In the 1960s, Birdie and her sister Cole try to support each other when their black father and white mother finally separate, and when Cole goes with her father to Brazil, Birdie has to face a federal investigation of her mother's political activities.
Two Pulitzer Prize winners issue a call to arms against our era's most pervasive human rights violation: the oppression of women in the developing world. They show that a little help can transform the lives of women and girls abroad and that the key to economic progress lies in unleashing women's potential.
Noted historian Martha A. Sandweiss tells the dramatic, distinctively American tale of a family built along the fault lines of celebrity, class, and race- a story that spans the long century from Civil War to civil rights.
The Pulitzer Prize-winning author Tracy Kidder returns with the extraordinary true story of Deo, a young man who arrives in America from Burundi in search of a new life. After surviving a civil war and genocide, he ekes out a precarious existence delivering groceries, living in Central Park, and learning English by reading dictionaries in bookstores until he begins to meet the strangers who will change his life, pointing him eventually in the direction of Columbia University, medical school, and a life devoted to healing.
Who is Ruth McBride Jordan? A self-declared "light-skinned" woman evasive about her ethnicity, yet steadfast in her love for her twelve black children. James McBride, journalist, musician, and son, explores his mother's past, as well as his own upbringing and heritage, in a poignant and powerful debut.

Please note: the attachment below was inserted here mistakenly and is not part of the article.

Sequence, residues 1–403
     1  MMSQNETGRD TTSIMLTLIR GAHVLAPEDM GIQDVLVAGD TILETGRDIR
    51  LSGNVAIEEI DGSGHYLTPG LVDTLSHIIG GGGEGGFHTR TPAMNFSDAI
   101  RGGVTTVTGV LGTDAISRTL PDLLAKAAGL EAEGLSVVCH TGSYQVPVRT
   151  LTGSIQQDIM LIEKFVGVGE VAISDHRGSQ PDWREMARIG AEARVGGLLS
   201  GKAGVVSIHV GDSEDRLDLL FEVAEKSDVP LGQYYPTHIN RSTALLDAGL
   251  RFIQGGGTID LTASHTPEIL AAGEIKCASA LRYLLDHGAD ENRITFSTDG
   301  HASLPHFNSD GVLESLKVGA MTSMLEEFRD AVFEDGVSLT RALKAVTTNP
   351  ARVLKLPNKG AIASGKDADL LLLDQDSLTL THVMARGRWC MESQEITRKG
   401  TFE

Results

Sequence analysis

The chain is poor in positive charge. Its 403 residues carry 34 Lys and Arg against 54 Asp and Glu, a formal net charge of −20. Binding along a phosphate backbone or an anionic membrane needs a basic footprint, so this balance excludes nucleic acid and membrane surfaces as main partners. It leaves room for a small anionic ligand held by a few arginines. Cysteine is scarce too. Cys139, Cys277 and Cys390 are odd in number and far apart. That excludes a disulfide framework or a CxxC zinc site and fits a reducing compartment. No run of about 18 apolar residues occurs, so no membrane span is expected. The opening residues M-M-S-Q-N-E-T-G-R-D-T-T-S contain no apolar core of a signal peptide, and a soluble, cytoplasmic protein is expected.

Rachel, the daughter of a Danish mother and a black G.I., is the sole survivor of a tragic family incident. With her strict African American grandmother as her new guardian, Rachel moves to a mostly black community, where her light brown skin, blue eyes, and beauty bring a constant stream of mixed attention her way. As she attempts to come to terms with an unfathomable past, she confronts her own identity as a biracial young woman in a world that wants to see her as either black or white.
The cohost of National Public Radio's "All Things Considered" set out, through original reporting, to write a book about "the hidden conversation on race" that is going on in this country. Along the way she unearthed painful family secrets that compelled her to question her own self-understanding; she traveled extensively to explore her own complex racial legacy. Her exploration is informed by hundreds of interviews with ordinary Americans and their observations about evolving attitudes toward race in America.
Presents the journey from refuge camp to America and the hardships and joys of a family's struggle to adapt in a strange culture while holding onto traditions that are passed down from her beloved grandmother.
In this epic, beautifully written masterwork, Pulitzer Prize-winning author Isabel Wilkerson chronicles one of the great untold stories of American history: the decades-long migration of black citizens who fled the South for northern and western cities, in search of a better life. From 1915 to 1970, this exodus of almost six million people changed the face of America.
Filmmaker Katrina Browne discovers that her New England ancestors were the largest slave-trading family in U.S. history. She and nine cousins retrace the Triangle Trade and gain a powerful new perspective on the black/white divide.